Rochester Photonics Hub

Rochester will be the site of a new integrated photonics manufacturing innovation hub for the United States. Read WXXI News' coverage of this major economic development initiative and what it means for you and the region.

University of Rochester

Governor Andrew Cuomo has announced that New York State will establish a $10 million, multi-year Photonics Venture Challenge in Rochester.

He says the business competition will aim to support start-up companies that commercialize rapidly developing technologies through a business accelerator program and a top award of $1 million to the most promising start-up company.

Cuomo says there currently are no accelerator programs in the world that have a photonics focus.

Officials with New York State’s economic development arm, Empire State Development, say that they are no longer pursuing a project with a California-based company called Photonica.

Last year, Governor Cuomo and other officials announced that Photonica, which is involved in photonics technology, planned to bring about 400 jobs to Canal Ponds Park and the Eastman Business Park.


A final decision has been made about where the AIM Photonics testing, assembly, and packaging (TAP) facility will be located, much to the delight of industry insiders.

But what’s more exciting, according to Mark Peterson, President and CEO of Greater Rochester Enterprise, is the ability to now move forward and form concrete international business relationships.


After surpassing dozens of worthy contenders, including the runner-up Rochester Institute of Technology, it is Eastman Business Park that was chosen as the future site of the AIM Photonics Manufacturing Facility.

EBP was selected in an open bidding process organized by the state and will be home to the test, assembly and packaging (TAP) facility.

Governor Andrew Cuomo made the announcement Wednesday at the Riverside Convention Center.


Senator Chuck Schumer is promising to further develop Laser Energetics at the University of Rochester so long as he can secure another $75 million in the 2018 federal budget.

On Thursday, Schumer launched his push to obtain the funding and brought U.S. Energy Secretary Ernest Moniz along for the announcement. Schumer said the investment would be a win-win, and the money would allow lab staff to double down on their energy discovery and national security work.

Assembly Majority Leader Joe Morelle calls the developments involving the bribery and fraud case “troubling news.” In terms of any impact on the efforts involving development of a photonics hub in Rochester, the Irondequoit Democrat doesn't sound overly concerned.

He says he had earlier difficulties with SUNY Polytechnic Chief Alain Kaloyeros, when there were disagreements over where to put a photonics headquarters in Downtown Rochester, but that later was resolved, Morelle says, because of objections local officials had about the transparency of the entire process.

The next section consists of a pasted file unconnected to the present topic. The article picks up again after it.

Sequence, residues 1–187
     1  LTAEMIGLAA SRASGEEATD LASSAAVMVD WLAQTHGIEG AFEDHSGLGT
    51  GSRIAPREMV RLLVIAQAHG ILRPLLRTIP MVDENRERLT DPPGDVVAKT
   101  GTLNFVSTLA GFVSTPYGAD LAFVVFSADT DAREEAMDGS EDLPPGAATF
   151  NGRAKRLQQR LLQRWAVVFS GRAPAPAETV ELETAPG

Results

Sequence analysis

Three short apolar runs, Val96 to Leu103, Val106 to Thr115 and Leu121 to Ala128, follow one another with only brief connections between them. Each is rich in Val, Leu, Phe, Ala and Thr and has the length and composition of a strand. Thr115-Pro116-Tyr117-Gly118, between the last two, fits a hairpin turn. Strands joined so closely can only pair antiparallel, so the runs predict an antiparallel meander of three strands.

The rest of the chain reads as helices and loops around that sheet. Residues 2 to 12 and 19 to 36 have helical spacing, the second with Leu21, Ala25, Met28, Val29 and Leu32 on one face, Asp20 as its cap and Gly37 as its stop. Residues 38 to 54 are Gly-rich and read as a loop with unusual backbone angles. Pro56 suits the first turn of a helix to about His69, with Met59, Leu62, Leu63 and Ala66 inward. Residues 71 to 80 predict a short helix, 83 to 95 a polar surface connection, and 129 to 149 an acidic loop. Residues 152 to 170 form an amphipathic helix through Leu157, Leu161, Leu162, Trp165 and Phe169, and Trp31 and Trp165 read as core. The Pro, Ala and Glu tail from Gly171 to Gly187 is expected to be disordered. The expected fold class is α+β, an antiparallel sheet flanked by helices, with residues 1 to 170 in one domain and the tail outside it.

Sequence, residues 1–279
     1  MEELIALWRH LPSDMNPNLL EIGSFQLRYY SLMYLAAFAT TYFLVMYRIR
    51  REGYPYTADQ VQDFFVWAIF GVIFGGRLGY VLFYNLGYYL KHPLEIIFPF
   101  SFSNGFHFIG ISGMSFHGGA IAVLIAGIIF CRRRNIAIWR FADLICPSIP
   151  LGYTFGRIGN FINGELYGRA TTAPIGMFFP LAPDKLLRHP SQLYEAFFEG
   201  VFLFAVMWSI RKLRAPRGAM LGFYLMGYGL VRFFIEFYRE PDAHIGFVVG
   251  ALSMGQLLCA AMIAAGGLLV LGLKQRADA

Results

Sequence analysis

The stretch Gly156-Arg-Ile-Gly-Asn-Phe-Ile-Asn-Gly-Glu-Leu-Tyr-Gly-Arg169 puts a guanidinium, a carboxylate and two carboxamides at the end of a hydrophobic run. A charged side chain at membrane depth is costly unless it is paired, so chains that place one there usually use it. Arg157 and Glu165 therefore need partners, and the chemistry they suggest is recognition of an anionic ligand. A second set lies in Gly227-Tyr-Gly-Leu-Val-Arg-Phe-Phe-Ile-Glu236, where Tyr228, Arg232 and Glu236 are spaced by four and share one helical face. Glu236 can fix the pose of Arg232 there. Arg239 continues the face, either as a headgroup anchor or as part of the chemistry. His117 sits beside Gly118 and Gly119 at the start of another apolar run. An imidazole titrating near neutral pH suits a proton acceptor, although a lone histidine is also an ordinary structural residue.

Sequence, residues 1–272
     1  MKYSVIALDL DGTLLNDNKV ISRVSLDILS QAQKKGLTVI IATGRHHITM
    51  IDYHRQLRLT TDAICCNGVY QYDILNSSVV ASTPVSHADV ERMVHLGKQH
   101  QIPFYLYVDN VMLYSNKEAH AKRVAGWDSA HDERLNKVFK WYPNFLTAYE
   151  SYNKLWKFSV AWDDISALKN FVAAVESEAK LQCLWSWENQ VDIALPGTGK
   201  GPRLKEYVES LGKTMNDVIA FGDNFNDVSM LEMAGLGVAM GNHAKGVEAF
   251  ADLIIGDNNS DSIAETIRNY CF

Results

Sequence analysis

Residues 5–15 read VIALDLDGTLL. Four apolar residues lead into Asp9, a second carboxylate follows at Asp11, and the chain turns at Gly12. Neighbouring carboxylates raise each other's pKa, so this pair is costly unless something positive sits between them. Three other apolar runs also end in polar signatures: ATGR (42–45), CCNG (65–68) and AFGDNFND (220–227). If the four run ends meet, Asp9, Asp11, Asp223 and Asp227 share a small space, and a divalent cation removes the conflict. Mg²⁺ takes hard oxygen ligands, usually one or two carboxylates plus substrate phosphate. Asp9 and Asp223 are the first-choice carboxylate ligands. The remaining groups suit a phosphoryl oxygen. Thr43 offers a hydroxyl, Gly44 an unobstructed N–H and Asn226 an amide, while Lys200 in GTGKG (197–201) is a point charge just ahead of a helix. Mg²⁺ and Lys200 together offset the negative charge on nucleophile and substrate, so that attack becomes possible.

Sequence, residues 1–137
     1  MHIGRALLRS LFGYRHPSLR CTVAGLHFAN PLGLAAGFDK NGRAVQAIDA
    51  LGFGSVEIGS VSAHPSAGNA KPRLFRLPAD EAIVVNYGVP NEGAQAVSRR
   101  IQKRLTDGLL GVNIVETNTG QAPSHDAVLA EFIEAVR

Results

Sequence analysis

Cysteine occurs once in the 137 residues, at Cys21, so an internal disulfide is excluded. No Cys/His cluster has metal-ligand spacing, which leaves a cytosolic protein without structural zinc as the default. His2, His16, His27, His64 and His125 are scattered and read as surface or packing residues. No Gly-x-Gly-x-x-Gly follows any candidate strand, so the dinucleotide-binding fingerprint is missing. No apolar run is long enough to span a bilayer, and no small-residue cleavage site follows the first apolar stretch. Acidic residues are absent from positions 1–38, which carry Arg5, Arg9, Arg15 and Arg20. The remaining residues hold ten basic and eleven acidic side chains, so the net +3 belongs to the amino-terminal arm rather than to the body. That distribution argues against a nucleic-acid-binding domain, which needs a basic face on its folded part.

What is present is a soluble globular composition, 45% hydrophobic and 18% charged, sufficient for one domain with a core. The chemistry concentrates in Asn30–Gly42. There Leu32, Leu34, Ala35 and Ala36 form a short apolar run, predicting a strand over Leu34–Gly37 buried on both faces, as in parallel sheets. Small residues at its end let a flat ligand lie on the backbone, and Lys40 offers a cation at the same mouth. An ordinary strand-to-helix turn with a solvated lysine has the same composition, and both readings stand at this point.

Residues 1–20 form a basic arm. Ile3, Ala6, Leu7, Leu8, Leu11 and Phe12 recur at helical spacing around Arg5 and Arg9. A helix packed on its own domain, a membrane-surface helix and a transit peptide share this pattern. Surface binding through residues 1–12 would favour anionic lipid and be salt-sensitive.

With millions in federal and state funding, Rochester is poised to become a photonics research and manufacturing hub.

And with thousands of new jobs possible, local colleges are preparing their students now to build their careers in the industry.

At Monroe Community College, many more students are enrolling in the optics program. 

The ongoing efforts to ramp up photonics manufacturing in the Rochester area has taken another step forward.

The New York State Photonics Board, which is coordinating the state’s financial investment in photonics, has hired a real estate firm that does site selection work to  recommend a location for what is going to be a testing, assembly and packaging facility.

The board hired Newmark Grubb Knight Frank, which is headquartered in New York City.

The University of Rochester is going to be receiving $2 million in federal money for photonics research. That according to New York Senator Charles Schumer and Congresswoman Louise Slaughter, who says the money from the National Science Foundation  will allow researchers to further investigate challenges in quantum photonics.

The research is expected to result in a new class of technologies and it's aimed at transforming information processing for things like secure communications and advanced computing.

University of Rochester

A state photonics board has taken a step that will lead to the first major round of funding for that technology in Rochester.

The New York State Photonics Board of Officers  has unanimously approved a payment of $106 million for the AIM Photonics effort.

The money will be used to establish a testing, assembly and packaging facility.

The $106 million in funding voted on by the board during a meeting at Eastman Business Park represents  the first major portion  of the $250 million over five years that New York State has committed to the project.